National Park Service wants to play a bigger role in upper Delaware River water system

There are five decree-party principals: New York State, New York City, New Jersey, Pennsylvania and Delaware.

Now, maybe we need another chair.

The superintendent of the Upper Delaware Scenic and Recreational River, Kris Heister, would like The Park Service to have a seat at the table with the decree parties to ensure that the upper Delaware stays true to principles of the Park Service.

She discussed the whys and hows of the idea at the Water, Water Everywhere conference held Oct. 11 and hosted by the Friends of the Upper Delaware, whose focus is the protection of the cold water ecosystem of the Delaware River.

"Protecting in-stream flow is fundamental to managing a Wild and Scenic River," said Heister, Her park is one of three parks on the Delaware River managed or administered by the Parks Service. All three are designated Wild and Scenic.

The National Wild and Scenic Rivers System was created by Congress in 1968 "to preserve certain rivers with outstanding natural, cultural and recreational value in a free-flowing condition for the enjoyment of present and future generations.

According to Heister, 46 percent of the Delaware River is managed or administered by the National Park Service. Two are units of the Park Service. The Upper Delaware Scenic and Recreational River runs for about 73 miles from just below Hancock, N.Y. to Mill Rift, N.Y.

The second, and likely better known, is the Delaware Water Gap National Recreation Area, which is 40 miles from just below Milford, Pa., to just above Portland, Pa.

The last section, about 39 miles, isn't contiguous and runs in fits and starts from below Easton, Pa. to Washington's Crossing, Pa. This one, called (confusing for most of the population below Trenton) the Lower Delaware Wild and Scenic River River, is not a unit of the parks service, but is administered by it in concert with community representatives.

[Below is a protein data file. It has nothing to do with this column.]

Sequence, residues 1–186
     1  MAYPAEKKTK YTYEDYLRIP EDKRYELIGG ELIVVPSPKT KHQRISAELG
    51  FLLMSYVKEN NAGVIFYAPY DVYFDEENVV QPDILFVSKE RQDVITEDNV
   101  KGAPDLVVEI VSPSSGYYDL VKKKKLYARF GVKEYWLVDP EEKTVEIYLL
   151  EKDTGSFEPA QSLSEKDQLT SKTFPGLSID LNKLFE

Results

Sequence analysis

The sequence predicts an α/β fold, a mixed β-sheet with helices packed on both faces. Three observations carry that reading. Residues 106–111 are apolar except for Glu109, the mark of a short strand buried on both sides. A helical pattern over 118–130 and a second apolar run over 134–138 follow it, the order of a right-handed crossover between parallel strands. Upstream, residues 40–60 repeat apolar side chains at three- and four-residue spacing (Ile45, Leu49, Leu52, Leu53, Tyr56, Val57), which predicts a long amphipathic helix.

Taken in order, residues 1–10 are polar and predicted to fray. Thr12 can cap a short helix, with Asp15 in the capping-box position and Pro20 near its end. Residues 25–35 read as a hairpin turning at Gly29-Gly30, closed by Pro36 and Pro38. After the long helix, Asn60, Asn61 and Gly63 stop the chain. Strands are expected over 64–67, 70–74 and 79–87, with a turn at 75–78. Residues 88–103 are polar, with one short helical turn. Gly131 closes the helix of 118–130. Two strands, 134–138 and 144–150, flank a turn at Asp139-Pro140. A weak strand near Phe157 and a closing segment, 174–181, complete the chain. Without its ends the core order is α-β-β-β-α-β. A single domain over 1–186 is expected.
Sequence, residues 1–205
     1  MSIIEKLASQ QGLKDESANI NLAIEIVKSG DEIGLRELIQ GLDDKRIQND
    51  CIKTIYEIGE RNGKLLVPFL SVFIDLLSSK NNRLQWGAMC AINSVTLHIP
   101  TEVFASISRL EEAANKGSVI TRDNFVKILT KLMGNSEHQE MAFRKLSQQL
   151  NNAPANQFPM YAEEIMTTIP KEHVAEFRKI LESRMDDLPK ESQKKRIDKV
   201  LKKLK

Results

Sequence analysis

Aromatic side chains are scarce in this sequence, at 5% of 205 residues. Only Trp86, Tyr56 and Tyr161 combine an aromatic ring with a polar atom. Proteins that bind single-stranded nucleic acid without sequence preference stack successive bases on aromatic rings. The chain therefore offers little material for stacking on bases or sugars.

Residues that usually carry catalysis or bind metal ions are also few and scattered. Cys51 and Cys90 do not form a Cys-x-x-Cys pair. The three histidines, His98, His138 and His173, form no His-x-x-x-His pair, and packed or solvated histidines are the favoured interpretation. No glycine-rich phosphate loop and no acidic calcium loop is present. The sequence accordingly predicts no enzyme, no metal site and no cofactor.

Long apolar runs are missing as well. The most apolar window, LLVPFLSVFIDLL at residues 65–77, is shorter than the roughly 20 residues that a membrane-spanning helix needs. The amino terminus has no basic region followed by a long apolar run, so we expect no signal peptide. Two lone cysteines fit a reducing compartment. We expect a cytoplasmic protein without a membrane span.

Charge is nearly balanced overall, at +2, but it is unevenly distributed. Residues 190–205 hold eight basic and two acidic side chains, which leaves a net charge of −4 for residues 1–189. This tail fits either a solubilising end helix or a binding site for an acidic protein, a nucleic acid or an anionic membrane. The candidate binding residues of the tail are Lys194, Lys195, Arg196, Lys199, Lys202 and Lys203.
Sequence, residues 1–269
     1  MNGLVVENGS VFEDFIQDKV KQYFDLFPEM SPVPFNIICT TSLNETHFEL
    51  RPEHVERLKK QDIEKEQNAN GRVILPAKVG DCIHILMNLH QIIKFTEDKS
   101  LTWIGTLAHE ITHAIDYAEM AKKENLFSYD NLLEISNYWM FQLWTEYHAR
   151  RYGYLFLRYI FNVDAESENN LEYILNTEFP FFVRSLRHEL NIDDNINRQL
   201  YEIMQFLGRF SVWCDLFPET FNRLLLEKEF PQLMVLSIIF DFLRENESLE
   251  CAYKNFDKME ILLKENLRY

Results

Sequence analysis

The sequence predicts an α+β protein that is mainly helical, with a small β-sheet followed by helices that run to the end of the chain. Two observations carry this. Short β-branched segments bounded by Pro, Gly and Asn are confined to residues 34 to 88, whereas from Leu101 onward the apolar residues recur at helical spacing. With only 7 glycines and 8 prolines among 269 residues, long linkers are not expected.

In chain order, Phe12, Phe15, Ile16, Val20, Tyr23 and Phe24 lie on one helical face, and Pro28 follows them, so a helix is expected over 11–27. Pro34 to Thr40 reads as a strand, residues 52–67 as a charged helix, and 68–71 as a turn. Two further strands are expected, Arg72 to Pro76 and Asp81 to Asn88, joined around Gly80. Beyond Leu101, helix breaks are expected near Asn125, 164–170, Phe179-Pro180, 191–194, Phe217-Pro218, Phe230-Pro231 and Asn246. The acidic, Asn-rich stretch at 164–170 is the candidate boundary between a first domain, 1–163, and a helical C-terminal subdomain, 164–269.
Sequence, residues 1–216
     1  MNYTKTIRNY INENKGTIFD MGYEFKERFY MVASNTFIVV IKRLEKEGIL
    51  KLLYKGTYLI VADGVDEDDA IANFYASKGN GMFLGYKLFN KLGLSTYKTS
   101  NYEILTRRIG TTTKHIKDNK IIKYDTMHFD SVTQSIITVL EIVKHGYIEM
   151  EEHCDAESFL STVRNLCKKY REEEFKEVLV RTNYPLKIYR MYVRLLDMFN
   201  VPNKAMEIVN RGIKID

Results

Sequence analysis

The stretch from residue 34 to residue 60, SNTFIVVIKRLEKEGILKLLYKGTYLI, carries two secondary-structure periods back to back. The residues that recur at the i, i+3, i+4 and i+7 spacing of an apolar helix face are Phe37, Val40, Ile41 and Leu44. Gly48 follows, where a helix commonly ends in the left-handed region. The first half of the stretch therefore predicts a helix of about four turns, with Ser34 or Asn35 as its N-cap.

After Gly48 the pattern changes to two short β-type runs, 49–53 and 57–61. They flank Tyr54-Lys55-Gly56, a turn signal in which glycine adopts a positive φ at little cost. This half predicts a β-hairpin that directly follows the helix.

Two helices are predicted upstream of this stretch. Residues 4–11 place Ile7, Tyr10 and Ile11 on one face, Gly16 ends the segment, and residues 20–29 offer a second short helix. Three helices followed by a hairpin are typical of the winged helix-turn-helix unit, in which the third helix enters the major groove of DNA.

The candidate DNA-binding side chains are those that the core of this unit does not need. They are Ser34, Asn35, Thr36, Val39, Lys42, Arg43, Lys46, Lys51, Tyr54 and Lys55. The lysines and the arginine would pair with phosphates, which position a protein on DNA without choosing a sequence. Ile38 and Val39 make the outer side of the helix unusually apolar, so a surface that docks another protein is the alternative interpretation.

Heister is focused on the section of the river that she manages, and she's concerned especially about the so-called yo-yo releases, which result in a full river one day, and near empty the next.

That harms the ecology of the river, especially the upper river's endangered species -- the Dwarf Wedge Mussel. Insects and fish also suffer when the river is dry. And in the summer, the various recreational boating activities can't happen if there isn't enough water.

These releases have been a sore point for many in the Upper Delaware, and their concern came though loud and clear: "How can we tolerate this?" asked Fred Peckham, the Town of Hancock representative to the Upper Delaware Council and chairman of the UDC’s Water Use/Resource Management Committee.

"How can the DRBC do this?" he asked. "It could be mitigated, but it's not."

Others pointed out that there is no bad actor, that it's a structural problem. (A new plan for the flow of the Delaware River seeks to address this problem.)

Heister had a solution: a new seasonal flow target at Callicoon, N.Y., some 60 miles above the Supreme Court designated flow gage at Montague, and before the Lackawaxen River (and the connected Wallenpaupack releases).

It was a popular suggestion. A flow gage at Callicoon focuses attention on the upper river, and takes nothing away from the flows needed downriver.

"We want to be part of the team," Heister said. Her input was welcomed by the mostly upriver attendees at the conference.

About Meg McGuire

Meg McGuire has been a journalist for 30 years in New York and Connecticut. She started in weekly newspapers and moved to full-time work in dailies 25 years ago. She knows about the tectonic changes in journalism firsthand, having been part of what was euphemistically called a "reduction in force" six years ago. Now she's working to find new ways to "do" the news as an independent online publisher of news about the Delaware River, its watershed and its people.

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